Chef Profile: Amanda McLemore, Founder of Baguette & Butter - Chicago
Hi Amanda! Tell us a little bit about yourself.
My name is Amanda McLemore. I was born and raised in Detroit, MI and now live in Chicago, IL.
What is your background (i.e. education, previous jobs, experiences that led you to create)?
I always had a dream to become a chef, I went to two culinary schools, one being Kendall College in Chicago, IL and worked in fine grocery stores and at Nordstrom in their restaurant division. I learned more about gardening when I was teaching kids to cook at Chicago Lights Urban Farm.
What led you to start Baguette & Butter? What was the concept when it started? How has it evolved?
Baguette & Butter started as a food blog to help an introverted girl express her journey as she learned about food. It was mostly penpal style notes about my days in culinary school or me attempting to recreate recipes from fiction novels I was reading. Baguette & Butter really evolved once I graduated from culinary school and I wanted to learn more about where my food comes from and how it is grown, so I gave up the grocery store for a year to see if it was possible to grow my own food, connect with local farmers, and detox from the big box grocery stores.
What did you learn about the food industry from working in various restaurants and kitchens? What made you want to transition out on your own?
There is so much waste, lack of transparency, and being a chef or cook in a restaurant is taxing on your health, mentally and physically. I always knew I would create my own business even though I was not sure when, what or honesty how. Later I realized that I could grow my community with Baguette & Butter and become a support system to others by teaching them what I’ve learned and continue to learn.
Now working on Baguette & Butter nearly full-time, what are the values and pillars of your business?
Transparency to our food system, inclusivity because our sustainable food movement is not as easy as shopping in bulk when many communities don’t have access or funding to afford or even drive to stores or resources that help us eat more sustainably. This is why I continue to work as an online platform so any community can gain access to my education, and lastly community, it takes a village to come together and mend our health, our cities, and the earth.
Could you tell people a little bit about how you gave up grocery stores for a year? Do you have a few tips on how to shop more sustainably, focusing on local consumption?
I allowed myself to eat at local restaurants as to not become a complete homesteading hermit but it really begins with understanding how you eat and building a core of staple items. I still keep the same staple items since 2016. From there begin to shop at the farmers markets or pay more attention at grocery stores to see where you are sourcing your food from. In the summer I don’t eat winter garlic and squash, in the winter I don’t eat asparagus and strawberries, eventually you will learn the seasons and what is local to you and how to preserve the items you love for the months they are not in season. Preserving is what truly eliminates a fair amount of packaging.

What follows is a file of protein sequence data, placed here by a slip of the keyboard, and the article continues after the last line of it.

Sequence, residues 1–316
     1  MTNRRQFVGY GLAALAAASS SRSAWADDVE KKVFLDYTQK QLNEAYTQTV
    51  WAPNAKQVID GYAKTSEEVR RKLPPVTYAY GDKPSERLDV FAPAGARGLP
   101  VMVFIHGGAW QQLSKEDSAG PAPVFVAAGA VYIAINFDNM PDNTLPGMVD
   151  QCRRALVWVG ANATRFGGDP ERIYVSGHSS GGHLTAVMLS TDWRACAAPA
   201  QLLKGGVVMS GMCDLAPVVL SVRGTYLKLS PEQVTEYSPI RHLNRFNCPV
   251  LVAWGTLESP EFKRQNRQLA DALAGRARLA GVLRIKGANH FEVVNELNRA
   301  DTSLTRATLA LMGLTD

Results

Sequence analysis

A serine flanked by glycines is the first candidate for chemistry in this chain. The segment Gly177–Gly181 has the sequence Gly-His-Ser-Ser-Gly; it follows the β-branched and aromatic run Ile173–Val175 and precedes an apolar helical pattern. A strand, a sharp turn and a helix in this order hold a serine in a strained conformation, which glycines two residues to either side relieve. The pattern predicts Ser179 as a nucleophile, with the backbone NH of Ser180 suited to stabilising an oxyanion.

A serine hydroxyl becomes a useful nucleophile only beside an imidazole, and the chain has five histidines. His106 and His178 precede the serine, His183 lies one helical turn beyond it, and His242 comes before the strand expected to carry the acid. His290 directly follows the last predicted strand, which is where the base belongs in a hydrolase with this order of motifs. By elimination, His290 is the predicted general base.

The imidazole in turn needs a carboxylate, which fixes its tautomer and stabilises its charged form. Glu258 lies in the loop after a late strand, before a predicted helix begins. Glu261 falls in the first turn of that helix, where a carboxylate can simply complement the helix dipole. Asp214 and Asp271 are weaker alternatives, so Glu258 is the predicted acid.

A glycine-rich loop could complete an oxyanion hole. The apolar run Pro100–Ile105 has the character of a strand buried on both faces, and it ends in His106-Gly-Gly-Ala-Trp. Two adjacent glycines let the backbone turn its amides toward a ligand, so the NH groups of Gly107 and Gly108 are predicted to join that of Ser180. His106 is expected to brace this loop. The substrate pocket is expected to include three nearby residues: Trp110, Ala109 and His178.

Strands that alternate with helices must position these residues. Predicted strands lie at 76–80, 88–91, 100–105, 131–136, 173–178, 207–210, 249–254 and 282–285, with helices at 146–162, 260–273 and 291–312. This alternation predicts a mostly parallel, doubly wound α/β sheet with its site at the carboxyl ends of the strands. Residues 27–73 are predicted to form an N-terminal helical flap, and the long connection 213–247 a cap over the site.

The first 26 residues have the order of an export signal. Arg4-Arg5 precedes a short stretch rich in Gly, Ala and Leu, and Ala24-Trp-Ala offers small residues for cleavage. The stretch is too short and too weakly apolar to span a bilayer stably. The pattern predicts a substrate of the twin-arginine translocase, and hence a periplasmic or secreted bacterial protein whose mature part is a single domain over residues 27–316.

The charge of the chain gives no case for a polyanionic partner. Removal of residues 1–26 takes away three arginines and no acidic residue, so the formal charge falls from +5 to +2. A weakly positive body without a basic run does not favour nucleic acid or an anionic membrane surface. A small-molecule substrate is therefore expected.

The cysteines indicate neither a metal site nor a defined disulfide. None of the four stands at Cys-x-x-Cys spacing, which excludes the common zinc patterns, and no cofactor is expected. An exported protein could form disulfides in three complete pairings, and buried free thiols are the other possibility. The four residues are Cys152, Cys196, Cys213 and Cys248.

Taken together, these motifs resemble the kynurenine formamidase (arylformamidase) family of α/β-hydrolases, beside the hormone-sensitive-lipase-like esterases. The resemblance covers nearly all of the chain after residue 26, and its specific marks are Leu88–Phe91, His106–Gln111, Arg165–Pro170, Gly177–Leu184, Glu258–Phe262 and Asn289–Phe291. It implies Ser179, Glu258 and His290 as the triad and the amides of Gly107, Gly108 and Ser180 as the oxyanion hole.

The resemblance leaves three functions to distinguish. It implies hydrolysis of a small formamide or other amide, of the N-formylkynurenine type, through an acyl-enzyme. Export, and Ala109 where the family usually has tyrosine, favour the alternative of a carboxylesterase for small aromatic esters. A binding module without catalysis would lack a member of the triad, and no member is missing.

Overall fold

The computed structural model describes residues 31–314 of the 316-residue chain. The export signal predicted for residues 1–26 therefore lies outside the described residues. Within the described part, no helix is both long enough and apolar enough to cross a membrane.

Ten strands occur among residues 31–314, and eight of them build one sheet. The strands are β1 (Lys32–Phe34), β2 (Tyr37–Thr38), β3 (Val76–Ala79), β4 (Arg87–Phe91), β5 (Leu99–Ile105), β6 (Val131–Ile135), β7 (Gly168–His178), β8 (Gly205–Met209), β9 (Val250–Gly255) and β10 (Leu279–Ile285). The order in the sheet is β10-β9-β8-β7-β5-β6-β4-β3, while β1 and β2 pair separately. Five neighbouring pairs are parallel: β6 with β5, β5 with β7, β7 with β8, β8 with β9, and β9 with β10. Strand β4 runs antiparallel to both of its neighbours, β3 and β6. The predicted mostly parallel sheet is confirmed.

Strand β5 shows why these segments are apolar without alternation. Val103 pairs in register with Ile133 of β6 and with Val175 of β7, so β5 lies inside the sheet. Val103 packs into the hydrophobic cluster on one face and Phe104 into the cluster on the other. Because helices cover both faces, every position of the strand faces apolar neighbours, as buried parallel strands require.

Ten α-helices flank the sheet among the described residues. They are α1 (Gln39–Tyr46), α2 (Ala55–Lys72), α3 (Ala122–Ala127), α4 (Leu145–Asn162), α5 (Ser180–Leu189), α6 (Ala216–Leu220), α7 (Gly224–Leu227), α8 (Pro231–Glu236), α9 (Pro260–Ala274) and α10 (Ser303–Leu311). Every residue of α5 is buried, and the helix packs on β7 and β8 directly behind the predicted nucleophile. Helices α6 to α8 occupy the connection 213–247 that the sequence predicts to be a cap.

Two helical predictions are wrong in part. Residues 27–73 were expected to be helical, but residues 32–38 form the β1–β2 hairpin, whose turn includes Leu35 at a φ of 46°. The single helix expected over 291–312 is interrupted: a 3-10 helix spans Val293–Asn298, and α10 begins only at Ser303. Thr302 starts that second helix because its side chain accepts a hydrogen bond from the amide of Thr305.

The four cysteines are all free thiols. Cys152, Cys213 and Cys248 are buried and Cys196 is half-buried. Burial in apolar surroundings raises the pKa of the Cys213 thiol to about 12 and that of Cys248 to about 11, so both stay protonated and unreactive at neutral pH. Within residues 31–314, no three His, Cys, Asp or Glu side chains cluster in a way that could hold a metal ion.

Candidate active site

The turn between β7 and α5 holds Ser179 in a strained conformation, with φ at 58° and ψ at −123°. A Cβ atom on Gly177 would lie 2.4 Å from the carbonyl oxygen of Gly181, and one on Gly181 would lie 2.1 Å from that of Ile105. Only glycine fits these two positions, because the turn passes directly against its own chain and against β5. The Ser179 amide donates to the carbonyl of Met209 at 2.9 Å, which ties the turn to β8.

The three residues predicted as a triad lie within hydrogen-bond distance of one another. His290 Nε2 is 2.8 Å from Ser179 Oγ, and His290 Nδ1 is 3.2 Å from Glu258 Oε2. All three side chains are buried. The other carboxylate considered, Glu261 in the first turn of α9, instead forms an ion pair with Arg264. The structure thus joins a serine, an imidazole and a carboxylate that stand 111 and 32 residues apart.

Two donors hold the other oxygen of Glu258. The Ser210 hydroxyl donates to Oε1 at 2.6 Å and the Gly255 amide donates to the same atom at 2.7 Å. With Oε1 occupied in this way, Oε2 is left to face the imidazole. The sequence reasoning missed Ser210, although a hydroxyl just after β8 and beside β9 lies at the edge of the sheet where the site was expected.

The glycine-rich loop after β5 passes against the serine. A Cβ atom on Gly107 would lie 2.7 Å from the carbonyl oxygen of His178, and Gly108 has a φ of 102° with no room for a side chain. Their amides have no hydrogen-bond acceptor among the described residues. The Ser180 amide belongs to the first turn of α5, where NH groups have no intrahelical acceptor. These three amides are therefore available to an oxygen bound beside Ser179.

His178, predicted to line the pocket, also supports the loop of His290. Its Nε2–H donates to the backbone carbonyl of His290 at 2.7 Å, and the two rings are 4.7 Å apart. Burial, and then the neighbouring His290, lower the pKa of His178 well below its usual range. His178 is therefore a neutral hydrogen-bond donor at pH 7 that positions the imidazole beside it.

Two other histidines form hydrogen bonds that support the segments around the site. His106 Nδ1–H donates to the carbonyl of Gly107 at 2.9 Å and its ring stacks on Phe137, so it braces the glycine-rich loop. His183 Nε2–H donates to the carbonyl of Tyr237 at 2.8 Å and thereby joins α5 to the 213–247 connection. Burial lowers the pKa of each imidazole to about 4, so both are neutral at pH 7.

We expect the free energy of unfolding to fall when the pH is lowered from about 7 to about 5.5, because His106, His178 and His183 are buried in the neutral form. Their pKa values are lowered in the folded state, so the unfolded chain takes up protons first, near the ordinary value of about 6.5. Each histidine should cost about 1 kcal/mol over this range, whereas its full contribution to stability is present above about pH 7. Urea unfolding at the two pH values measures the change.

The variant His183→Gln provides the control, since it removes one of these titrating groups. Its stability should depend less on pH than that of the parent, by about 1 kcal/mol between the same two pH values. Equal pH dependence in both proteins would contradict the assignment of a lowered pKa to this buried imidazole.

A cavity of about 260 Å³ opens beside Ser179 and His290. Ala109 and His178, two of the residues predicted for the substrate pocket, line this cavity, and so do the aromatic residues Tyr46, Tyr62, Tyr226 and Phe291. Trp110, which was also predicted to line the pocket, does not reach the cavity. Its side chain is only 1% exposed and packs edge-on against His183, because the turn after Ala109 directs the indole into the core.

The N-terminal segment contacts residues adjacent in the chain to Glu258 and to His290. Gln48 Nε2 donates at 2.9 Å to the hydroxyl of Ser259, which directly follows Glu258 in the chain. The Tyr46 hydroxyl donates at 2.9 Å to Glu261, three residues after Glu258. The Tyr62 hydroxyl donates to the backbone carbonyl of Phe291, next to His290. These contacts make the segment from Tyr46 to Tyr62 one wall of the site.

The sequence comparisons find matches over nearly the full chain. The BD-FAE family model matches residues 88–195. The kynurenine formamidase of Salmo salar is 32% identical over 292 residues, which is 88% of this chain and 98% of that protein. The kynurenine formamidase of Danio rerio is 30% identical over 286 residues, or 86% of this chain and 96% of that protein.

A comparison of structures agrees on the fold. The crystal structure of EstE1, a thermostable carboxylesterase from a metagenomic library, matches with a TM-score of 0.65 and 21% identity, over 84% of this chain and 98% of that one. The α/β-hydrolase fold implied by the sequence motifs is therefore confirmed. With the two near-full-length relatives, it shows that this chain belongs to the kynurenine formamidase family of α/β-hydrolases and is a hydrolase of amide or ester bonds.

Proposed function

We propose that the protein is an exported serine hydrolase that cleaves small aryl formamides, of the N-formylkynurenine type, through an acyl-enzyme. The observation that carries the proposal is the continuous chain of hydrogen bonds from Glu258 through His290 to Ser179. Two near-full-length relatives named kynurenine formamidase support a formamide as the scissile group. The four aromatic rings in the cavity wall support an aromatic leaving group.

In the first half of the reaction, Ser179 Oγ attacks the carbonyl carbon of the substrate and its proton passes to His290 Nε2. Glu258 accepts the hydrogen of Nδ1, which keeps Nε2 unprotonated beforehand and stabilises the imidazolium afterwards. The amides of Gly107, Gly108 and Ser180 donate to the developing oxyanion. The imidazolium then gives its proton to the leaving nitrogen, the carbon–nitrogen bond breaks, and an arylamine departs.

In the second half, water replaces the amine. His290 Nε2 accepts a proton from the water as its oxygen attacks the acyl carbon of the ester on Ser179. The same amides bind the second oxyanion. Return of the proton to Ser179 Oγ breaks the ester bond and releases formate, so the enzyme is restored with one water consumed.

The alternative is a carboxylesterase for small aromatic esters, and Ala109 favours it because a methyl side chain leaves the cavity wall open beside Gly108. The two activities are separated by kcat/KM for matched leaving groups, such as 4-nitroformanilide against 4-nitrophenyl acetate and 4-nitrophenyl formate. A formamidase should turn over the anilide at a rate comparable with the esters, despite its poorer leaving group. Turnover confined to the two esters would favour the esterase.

What makes you passionate about the work that you do?
My community! I have not met many of the people in our city dweller gang in person, but I truly love how we bond online. We share advice, successes, and learning curves and I love that many inbox me with photos of their preserves or with questions. Creating a community space for transparency and the ability to start where you are without being judged is very important to me.
What are some of the setbacks or challenges you face?
Making sure I not only show up online but also in person and easing people into online food education.
What are some of your short/long term goals?
I am working on an online program called Nourish Thanksgiving which is an interactive kitchen coaching dedicated to being a support and education system to those desiring to cook a more nourishing meal that is both beautiful and sustainable. Long term, I want to be able to travel and host more events to my city dwellers in cities other than Chicago.
At The Glossary, we believe in women working together and helping one another. Why do you think it is important for women to support each other?
My mom has seven sisters and I have an older sister. The support, care, and community that comes from women that are there for one another is priceless. I have learned over the years because of these women in my life how to be there for people when they need me and most of all how the role of the nourishing food they prepared brought us together and healed us when we were sick, happy or even heartbroken.
We have a series called Purchase from Women - what women-owned businesses are you encouraging with your dollars?
Terra-Tory Skincare, Bike-a-Bee Honey, Faith’s Farm.
What are 5 of your pantry staples?
Oats, Apple Cider Vinegar (which I make from bruised apples from the farmers market), Maple Syrup, Beans, and Spelt Flour.
Favorite recipe at the moment?
Borcht, a russian beet soup.
What are you trying to learn right now or what is something that you are wanting to learn?
I have been teaching myself how to garden for larger yields. Thus far I should have enough garlic and onions grown from my backyard to get us through the winter.
What are some of your favorite places in Chicago?
Restaurant wise, Bad Hunter and Cellar Door Provisions. Garden wise, I love Gethsemane Garden Center and City Grange. As for places to roam in the city, Garfield Park Conservatory, any used book store and Maria’s (for a good cocktail to read with said used book).